The brain-computer interface and assistive technology (BCIAT) research team is led by Dr Girijesh Prasad. The work of this team encompasses both theoretical and applied aspects of intelligent assistive systems development. The team specializes in developing non-invasive brain-computer interface (BCI) systems with the primary objective of increasing independence and improving quality of life of people with disabilities due to old age, injury or disease. Brain-computer interface (BCI) systems facilitate real-time translation of voluntary brain activities (acquired from electrophysiological signals such as EEG) into commands to control devices. They do not rely on muscular activity and can therefore provide communication and control for those who are severely paralyzed (e.g. locked-in) due to disease, spinal chord injury or brain damage.Other applications of BCI include neurofeedback for stroke rehabilitation, epileptic seizure prediction, awareness detection for long distance drivers and personalised computing environment adaptation. BCI is also emerging as an augmentative technology in computer games and virtual reality applications and has been associated with numerous military applications.
The BCIAT research team at the ISRC have been developing a non-invasive EEG-based brain-computer interface technology for the past 6 years and have made substantive progress in developing sophisticated computational intelligence (CI) based bio-signal processing tools to address many of the challenges in BCI technology. The team’s work has attracted substantial funding from UK India Educational Research Intitive (UKIERI), Royal Society, and other local and national funding agencies. Having published in many of the top BCI journals and conference proceedings, being internationally recognized as a BCI research group, receiving an international award for CI based research into BCI and in receipt of significant funding for BCI research, the ISRC is well established in this field and positioned to develop a range of BCI applications and related technologies for those who need it most. With significant progress underway on the critically important bio-signal processing elements of BCI, the team is now focused on developing a range of BCI related technologies such as,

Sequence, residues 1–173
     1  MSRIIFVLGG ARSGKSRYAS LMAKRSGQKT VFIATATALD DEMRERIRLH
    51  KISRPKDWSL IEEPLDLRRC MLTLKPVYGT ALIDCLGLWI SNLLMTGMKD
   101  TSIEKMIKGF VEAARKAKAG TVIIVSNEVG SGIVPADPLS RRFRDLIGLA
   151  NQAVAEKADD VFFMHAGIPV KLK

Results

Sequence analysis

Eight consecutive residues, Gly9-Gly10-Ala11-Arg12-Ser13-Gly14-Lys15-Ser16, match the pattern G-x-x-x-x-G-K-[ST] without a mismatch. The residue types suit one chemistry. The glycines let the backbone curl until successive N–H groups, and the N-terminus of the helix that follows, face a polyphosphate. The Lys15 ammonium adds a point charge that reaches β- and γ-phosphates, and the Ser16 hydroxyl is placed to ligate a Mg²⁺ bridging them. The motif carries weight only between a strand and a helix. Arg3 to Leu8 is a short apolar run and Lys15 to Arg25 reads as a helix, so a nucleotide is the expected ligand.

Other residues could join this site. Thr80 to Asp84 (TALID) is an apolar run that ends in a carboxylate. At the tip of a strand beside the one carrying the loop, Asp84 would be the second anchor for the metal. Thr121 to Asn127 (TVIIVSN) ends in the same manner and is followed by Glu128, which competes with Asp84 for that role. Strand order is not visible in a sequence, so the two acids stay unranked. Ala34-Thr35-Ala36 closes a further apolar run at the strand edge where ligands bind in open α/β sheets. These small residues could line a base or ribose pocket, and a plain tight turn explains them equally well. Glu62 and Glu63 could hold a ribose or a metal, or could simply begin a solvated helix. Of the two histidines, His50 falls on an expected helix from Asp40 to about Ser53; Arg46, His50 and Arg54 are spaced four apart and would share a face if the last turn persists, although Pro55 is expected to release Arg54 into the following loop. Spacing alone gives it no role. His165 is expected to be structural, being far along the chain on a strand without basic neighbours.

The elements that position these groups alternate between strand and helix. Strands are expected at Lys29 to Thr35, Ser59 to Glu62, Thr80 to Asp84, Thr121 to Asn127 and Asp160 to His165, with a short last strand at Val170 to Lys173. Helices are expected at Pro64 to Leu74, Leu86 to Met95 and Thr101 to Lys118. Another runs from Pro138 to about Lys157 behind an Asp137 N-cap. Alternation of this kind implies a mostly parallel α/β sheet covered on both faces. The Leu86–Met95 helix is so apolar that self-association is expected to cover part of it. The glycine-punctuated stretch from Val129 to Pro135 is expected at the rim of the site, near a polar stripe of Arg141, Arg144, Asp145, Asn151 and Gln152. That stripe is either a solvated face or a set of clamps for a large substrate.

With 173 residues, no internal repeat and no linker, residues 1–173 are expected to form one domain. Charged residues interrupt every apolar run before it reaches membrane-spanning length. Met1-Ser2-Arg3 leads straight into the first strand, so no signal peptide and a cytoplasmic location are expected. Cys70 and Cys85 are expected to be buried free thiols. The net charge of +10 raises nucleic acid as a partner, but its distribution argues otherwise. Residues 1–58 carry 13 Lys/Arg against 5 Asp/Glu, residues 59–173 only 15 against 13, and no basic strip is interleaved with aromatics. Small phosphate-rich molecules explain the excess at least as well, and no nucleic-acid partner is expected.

BCI for alternative communication and entertainment technologies
BCI actuated assistive robotics
BCI based neurofeedback for neurorehabilitation
BCI related neurotechnologies for disease prediction and diagnostics
Having a range of collaborative links with local companies and healthcare providers, the BCI and related applications R&D at the ISRC will be thoroughly tested in a clinical setting, with the aims of bringing BCI technology into the home and establishing a world class reputation for BCI R&D.
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